I live in the southeastern part of North Carolina, in a county that went for Trump. I’m one of those people who shouldn’t have been surprised but was. I had to leave town the morning after the election and did not want to go. The night before, lying in bed, my wife had been crying. We had the TV on, and she burst into tears when it became clear what was happening. When I left the house the next morning, my eleven-year-old daughter—for whom Hillary Clinton’s candidacy had been one of the more exciting and life-enlarging things she’d experienced—was crying her eyes out. I’ve noticed that the crying thing has already become a meme (“Pictures of people crying about Trump!”), and then a discredited meme (“Quit crying, liberals!”), by which talk we somehow moved in twenty-four hours past the reality that a good percentage of the country was openly weeping at the result of the election. Because, you know, that couldn’t mean anything. Read More
Congratulations to our Southern editor, John Jeremiah Sullivan, who’s been honored with the James Beard Foundation’s MFK Fisher Distinguished Writing Award for his essay “I Placed a Jar in Tennessee.”
The James Beard Foundation awards are presented “for excellence in cuisine, culinary writing, and culinary education.” “I Placed a Jar in Tennessee” appeared in the Winter 2013 issue of Lucky Peach; it tells the story of Kevin West, who has recently discovered, or perhaps rekindled, a family passion for home-preserving and pickling. If the title strikes you as familiar but unplaceable, fear not, for I have done your googling for you—it refers to Wallace Stevens’s famous poem “Anecdote of the Jar,” first published in 1919:
I placed a jar in Tennessee,
And round it was, upon a hill.
It made the slovenly wilderness
Surround that hill.
The wilderness rose up to it,
And sprawled around, no longer wild.
The jar was round upon the ground
And tall and of a port in air.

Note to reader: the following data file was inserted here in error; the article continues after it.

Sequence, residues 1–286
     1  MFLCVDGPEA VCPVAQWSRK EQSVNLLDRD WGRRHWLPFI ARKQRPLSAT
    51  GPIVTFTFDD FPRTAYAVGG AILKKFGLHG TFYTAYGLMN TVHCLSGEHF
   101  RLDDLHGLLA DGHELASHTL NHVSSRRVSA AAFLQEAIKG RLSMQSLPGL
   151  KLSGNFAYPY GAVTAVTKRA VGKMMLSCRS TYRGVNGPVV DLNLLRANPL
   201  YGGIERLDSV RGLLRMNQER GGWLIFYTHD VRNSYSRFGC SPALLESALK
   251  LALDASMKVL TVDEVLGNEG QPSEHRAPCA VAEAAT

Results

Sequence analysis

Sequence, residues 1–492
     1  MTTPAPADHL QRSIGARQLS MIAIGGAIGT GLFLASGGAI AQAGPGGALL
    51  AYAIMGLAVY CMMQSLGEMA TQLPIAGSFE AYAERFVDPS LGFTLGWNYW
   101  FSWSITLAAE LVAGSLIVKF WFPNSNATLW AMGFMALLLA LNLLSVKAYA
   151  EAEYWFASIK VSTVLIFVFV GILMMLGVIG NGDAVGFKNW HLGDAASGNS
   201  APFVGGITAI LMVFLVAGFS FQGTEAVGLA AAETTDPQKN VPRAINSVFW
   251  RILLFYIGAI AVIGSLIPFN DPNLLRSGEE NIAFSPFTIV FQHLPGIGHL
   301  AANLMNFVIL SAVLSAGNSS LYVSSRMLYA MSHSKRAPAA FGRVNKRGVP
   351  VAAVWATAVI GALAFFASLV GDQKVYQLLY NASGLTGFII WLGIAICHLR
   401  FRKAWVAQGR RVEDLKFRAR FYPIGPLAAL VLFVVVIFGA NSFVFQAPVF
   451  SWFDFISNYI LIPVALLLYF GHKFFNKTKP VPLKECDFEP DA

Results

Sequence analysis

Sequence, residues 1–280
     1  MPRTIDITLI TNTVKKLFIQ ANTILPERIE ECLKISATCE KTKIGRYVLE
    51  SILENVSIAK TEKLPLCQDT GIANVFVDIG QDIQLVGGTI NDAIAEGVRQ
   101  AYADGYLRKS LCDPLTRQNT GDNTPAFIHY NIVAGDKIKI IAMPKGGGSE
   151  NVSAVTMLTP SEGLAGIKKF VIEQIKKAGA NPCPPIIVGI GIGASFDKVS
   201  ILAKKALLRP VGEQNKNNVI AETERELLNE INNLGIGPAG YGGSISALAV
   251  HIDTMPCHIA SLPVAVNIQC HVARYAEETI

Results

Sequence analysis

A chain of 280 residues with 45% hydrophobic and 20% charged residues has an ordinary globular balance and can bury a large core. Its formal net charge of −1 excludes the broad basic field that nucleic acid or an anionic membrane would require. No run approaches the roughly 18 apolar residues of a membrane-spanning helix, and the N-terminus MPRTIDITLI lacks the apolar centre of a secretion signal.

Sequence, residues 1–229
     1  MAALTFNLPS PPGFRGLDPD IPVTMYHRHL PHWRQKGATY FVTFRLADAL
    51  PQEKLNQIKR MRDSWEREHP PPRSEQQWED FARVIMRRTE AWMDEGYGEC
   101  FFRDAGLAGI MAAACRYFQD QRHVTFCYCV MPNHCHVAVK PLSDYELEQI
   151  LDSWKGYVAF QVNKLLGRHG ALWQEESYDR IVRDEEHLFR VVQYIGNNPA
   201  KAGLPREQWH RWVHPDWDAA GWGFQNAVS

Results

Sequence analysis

It took dominion every where.
The jar was gray and bare.
It did not give of bird or bush,
Like nothing else in Tennessee.
Mister Lytle” from our fall issue. Richly deserved, we say! An excerpt:Our Southern Editor, John Jeremiah Sullivan, has gone and won himself a Pushcart Prize with his essay “
There had been different boys living at Lytle’s since not long after he lost his wife, maybe before—in any case it was a recognized if unofficial institution when I entered the college at seventeen. In former days these were mainly students whose writing showed promise, as judged by a certain well-loved, prematurely white-haired literature professor, himself a former protégé and all but a son during Lytle’s long widowerhood. As years passed and Lytle declined, the arrangement came to be more about making sure someone was there all the time, someone to drive him and chop wood for him and hear him if he were to break a hip.
There were enough of us who saw it as a privilege, especially among the English majors. We were students at the University of the South, and Lytle was the South, the last Agrarian, the last of the famous “Twelve Southerners” behind I’ll Take My Stand, a comrade to the Fugitive Poets, a friend since youth of Allen Tate and Robert Penn Warren; a mentor to Flannery O’Connor and James Dickey and Harry Crews and, as the editor of The Sewanee Review in the sixties, one of the first to publish Cormac McCarthy’s fiction. Bear in mind that by the mid-nineties, when I knew him, the so-called Southern Renascence in letters had mostly dwindled to a tired professional regionalism. That Lytle hung on somehow, in however reduced a condition, represented a flaw in time, to be exploited.